In this respect, the new Portuguese president, in his first speech, was also trying to shake the Portuguese, a timid and reserved people at the best of times, from the state of oblivion, colonial guilt and denial over their past. In this process or drift into alienation from Africa, I, a self-taught individual as many Africans are, have become one of the few and dwindling number of bilingual Portuguese Pan-Africanists, who more than 30 years after the end of the old and anachronistic empire, still study issues affecting Portugal and Africa, both empirically and through reading the ensuing problems of transition.
Recently, as if to confirm the much-quoted ancient Greek saying, “there is always something new coming out of Africa”, even I, a veteran Africanist student, was just as surprised as most New African readers would have been, when I saw a 500-page Dictionary of Portuguese-African Civilization – From Discovery to Independence, published in the late 1990s.
As such, it was, of course, not so much “out of Africa”, but about Portuguese-speaking Africa, which, with Angola and Mozambique, is an important part of the mosaic of African diversity. Compiled over 11 years between 1978 and 1989, therefore four years after the end of the Portuguese African empire (by Dr Benjamin Nunez, judging by his name, a Hispanic-American academic), the dictionary was co-published by the University of Florida, Gainesville, USA, and the reputable international Africanist publishers, Hans Zell. According to the announced editorial plan, this most useful book of reference of dates, events, institutions and terms from slavery to colonialism, will be followed by another volume dedicated to biographies.
One of the curious facts surrounding its publication, however, is that, although inevitably based on Portuguese documents and literature, this commendable editorial initiative had little or no Portuguese active input or support, official or otherwise. In fact it has passed completely unnoticed in Portugal, and it might even be beyond the financial scope of the under-funded Luanda and Maputo universities. In his foreword to the Dictionary – which, incidentally, has no equivalent for either British or Francophone-related African countries – Prof Olabiyi Babalola Yai, the chairman of the Department of African and Asian Languages and Literatures of the University of Florida, states that, if anything, the title of the book could be deceptive as it is seemingly restrictive to the so-called Lusophone Africa, when, in fact, it covers the “Portuguese cultural space”, including Brazil. “And what part of Africa,” asks Prof Yai, “was not touched by the Portuguese at one point or the other of her history”, a fact that is evident in the thousands of entries in the Dictionary (as well as in so many old or still prevailing African place names)? The editor, Dr Nunez, himself, justifies his considerable effort by stating that the historical record on the Portuguese in Africa “is rich and varied, spanning a period of over 600 years. Every viewpoint is represented, European or African, king and slave, establishment or revolutionary, scientific and poetic, religious and secular. And virtually all this rich literature is in Portuguese, a language mostly inaccessible to English speakers”.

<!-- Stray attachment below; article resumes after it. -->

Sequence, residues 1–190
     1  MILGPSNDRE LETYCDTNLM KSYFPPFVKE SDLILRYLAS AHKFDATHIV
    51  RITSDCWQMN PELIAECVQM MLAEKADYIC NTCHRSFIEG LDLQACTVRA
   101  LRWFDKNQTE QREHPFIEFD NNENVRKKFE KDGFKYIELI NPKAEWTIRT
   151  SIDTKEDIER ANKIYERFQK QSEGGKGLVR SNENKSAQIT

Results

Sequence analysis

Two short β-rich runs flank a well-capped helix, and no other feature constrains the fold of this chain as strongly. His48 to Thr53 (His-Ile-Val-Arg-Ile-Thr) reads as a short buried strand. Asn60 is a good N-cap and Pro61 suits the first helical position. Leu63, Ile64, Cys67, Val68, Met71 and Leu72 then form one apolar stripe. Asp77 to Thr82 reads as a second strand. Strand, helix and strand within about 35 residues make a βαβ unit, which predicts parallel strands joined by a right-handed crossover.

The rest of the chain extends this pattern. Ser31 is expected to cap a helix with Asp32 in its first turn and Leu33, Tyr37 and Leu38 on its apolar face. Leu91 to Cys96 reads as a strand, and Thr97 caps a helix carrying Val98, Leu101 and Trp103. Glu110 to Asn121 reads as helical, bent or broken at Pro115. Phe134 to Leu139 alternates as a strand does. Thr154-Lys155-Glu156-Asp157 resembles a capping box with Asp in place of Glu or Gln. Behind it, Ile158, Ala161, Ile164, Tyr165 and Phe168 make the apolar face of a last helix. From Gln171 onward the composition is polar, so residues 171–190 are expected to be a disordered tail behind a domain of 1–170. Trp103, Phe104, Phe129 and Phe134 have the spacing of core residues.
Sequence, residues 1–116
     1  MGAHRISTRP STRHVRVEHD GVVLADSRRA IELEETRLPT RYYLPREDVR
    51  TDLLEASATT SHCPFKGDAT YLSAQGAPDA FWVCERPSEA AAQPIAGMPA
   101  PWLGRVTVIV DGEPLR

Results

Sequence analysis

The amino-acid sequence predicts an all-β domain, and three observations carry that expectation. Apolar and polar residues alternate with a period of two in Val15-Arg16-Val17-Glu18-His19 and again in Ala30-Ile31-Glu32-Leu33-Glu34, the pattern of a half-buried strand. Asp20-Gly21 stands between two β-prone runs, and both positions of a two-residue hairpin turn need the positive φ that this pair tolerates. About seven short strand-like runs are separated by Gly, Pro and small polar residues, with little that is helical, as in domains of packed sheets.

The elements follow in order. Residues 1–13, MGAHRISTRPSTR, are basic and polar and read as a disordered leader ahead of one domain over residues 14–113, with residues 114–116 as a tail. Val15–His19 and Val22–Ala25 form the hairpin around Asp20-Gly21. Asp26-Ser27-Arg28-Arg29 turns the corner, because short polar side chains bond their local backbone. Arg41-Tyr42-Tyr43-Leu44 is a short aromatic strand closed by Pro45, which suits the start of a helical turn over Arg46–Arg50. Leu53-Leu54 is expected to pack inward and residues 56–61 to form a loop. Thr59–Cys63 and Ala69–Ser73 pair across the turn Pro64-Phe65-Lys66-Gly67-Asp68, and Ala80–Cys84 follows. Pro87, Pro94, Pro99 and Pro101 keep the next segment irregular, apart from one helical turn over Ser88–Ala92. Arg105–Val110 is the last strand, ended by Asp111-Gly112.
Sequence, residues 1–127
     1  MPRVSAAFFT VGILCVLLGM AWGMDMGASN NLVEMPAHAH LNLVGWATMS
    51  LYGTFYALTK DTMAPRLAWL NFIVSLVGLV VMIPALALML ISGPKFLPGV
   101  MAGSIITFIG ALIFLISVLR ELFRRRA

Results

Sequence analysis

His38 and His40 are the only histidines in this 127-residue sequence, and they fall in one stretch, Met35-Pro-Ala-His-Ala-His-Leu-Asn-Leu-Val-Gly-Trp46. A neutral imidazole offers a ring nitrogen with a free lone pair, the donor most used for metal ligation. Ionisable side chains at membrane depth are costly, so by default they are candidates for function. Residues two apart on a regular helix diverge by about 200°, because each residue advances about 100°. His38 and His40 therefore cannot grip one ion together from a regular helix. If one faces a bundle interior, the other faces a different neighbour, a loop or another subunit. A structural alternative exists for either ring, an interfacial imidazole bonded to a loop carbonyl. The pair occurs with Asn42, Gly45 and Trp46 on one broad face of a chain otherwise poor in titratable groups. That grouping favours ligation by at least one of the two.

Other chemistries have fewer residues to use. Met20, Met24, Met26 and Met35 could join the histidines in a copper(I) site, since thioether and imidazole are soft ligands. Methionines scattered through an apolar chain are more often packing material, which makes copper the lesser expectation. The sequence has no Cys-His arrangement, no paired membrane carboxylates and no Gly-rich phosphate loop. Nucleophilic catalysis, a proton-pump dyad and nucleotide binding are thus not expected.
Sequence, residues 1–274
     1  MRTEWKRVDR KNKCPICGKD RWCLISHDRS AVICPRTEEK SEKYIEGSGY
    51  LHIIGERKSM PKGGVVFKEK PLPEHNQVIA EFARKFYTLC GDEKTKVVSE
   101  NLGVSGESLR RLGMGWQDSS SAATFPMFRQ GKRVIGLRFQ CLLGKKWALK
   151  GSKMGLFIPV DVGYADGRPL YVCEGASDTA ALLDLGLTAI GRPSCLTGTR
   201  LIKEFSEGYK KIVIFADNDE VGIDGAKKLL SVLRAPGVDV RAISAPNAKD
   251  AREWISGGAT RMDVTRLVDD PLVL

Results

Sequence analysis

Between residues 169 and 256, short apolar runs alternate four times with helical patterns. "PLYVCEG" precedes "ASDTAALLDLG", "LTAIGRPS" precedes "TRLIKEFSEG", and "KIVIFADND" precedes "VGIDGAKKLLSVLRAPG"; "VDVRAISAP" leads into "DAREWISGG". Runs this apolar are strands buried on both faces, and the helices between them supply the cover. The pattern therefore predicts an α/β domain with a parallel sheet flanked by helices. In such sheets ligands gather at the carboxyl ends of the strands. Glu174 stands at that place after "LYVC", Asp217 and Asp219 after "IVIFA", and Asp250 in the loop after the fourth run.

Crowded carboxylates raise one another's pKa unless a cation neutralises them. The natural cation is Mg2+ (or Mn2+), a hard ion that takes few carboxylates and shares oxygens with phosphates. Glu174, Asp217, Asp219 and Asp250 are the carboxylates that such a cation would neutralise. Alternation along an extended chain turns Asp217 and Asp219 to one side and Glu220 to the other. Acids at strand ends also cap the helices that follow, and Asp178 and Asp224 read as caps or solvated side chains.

The alienation might also partly be due to the fact that the Portuguese, despite their own long history of imperialist rule, were deeply resentful of “neo-imperialism” under which they themselves suffered due to the implications of the Anglo-Portuguese Alliance (see NA Feb 2006) or, more recently, the implications of Portugal’s membership of the US-dominated NATO (especially during the Cold War).
We all know that if we cannot undo history, we can at least preserve and improve on the most positive that we inherited from it. Besides if we ourselves do not study how and why we became what we are, others will do it for us with less accuracy. Portugal was both a witness and a participant in both the process of de-humanisation as well as the process of renaissance of Africa and black people.
From an Africanist point, the fact that the Portuguese and French languages – in their turn both derived from the provincial Latin languages of the ancient Roman Empire – are, alongside English and Swahili, the official languages of the African Union is, therefore, both practical and useful, as it gives Africans easier access to Europe and the modern world. Moreover, in the case of Portuguese, since Brazil (the emerging South American superpower) is, like the US, one of the most populous nations with the highest densities of black and mixed people, the Portuguese language is a unifying cultural affinity for many millions of black people - specifically in football and other sports, music, literature, TV, trade, and the sciences.
For centuries, the orders were mostly shouted in the languages of the invader, whether slave trader, empire builder or colonial settler; the pain, grief and hopes of the enslaved and the colonised were expressed in their own native tongues, in oral stories, slave songs, funeral rites or religious gatherings. Now that we are all largely released from the unjust patterns of the past, let us hope we can all begin to speak the same language of human empathy and mutual interest.